Radon is a gaseous, colorless, chemically unreactive, single atom inert gas that has a radioactive element. In addition to that mouthful, it is water soluble so it easily penetrates common household items like paper, leather, plastic bags, paints and building materials like wood, sheet rock and insulation. The primary sources of radon are;

  • 3% Soil around a home or structure
  • 5% Well water
  • 2 % Outdoor Air
  • 5% Building Materials
  • .5% Public water supplies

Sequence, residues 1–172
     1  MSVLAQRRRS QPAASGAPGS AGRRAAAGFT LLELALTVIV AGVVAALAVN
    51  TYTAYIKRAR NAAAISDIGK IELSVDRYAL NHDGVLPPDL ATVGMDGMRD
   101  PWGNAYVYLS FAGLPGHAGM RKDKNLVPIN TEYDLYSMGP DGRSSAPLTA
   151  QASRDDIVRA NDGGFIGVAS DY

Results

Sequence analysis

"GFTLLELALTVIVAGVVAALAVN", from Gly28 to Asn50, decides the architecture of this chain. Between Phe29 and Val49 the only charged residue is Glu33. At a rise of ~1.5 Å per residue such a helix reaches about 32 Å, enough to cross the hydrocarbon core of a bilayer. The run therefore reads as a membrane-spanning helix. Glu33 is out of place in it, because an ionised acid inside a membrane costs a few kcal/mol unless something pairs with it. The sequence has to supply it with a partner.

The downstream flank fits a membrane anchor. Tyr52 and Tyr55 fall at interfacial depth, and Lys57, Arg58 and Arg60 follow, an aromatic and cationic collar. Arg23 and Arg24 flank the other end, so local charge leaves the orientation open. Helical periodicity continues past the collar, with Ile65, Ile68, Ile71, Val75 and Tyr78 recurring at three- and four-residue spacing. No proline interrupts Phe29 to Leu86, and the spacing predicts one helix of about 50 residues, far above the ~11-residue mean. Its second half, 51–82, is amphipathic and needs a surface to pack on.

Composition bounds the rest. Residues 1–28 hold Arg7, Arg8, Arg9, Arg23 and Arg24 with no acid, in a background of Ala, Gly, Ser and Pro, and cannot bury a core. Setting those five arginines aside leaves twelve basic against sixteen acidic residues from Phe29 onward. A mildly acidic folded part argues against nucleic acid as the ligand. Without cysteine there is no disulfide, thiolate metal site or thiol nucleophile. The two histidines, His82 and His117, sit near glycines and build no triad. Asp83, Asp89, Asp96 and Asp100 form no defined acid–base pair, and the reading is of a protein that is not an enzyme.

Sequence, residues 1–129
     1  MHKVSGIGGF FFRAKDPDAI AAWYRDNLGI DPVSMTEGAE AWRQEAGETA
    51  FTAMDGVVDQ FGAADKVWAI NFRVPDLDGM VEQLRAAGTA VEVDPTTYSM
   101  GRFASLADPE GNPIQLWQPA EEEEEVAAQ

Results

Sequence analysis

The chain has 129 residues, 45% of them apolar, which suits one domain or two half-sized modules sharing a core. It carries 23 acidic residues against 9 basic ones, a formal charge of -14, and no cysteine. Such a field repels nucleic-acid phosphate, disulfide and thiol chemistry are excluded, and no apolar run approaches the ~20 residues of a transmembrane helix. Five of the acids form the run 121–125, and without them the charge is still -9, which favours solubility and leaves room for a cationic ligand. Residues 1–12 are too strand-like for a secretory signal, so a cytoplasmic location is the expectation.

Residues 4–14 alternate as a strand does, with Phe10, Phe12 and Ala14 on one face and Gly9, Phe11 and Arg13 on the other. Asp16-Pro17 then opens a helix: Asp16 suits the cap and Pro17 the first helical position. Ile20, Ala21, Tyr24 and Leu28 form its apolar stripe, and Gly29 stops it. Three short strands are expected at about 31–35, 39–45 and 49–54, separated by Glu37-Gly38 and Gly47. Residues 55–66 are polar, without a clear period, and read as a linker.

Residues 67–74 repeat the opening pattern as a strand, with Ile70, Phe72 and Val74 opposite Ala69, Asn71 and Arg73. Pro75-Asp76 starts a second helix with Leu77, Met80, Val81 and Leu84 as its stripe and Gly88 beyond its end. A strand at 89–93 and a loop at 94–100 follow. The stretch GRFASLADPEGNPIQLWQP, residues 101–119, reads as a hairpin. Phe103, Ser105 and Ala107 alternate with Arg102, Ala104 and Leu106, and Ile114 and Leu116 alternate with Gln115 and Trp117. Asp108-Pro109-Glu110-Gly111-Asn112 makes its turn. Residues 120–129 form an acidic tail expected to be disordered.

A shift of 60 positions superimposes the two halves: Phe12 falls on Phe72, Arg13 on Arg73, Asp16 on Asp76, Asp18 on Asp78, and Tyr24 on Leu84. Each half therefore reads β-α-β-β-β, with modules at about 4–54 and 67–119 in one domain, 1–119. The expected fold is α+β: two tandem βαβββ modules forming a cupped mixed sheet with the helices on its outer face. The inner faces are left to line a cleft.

In the 1980’s, The Environmental Protection (EPA) was given the task of developing practical guidelines for exposure. The recommended action level is 4pCi/L. This level has become the benchmark in real estate. It means ‘fix your home’.  A level of 2pCi/L is the considered action limit, meaning ‘consider fixing your home’.  A pCi/L is a picoCurie/Liter of air. A Curie is a unit of radioactivity equal to 1 gram of radiation and ‘pico’ means ‘a trillionth’. The EPA says 8 million or 1 in 15 homes have elevated levels above this action level.  The safety standards set by the EPA for exposure to radiation over a lifetime are based on a 1/100000 risk of death. The radon risk for death at exposure levels above 4pCi/L is approximately 1 in 100. In other words, radon is about 1000 times riskier than any other carcinogen regulated by the EPA. The 4pCi/L is not a ‘safe’ level. There is no safe level for radon.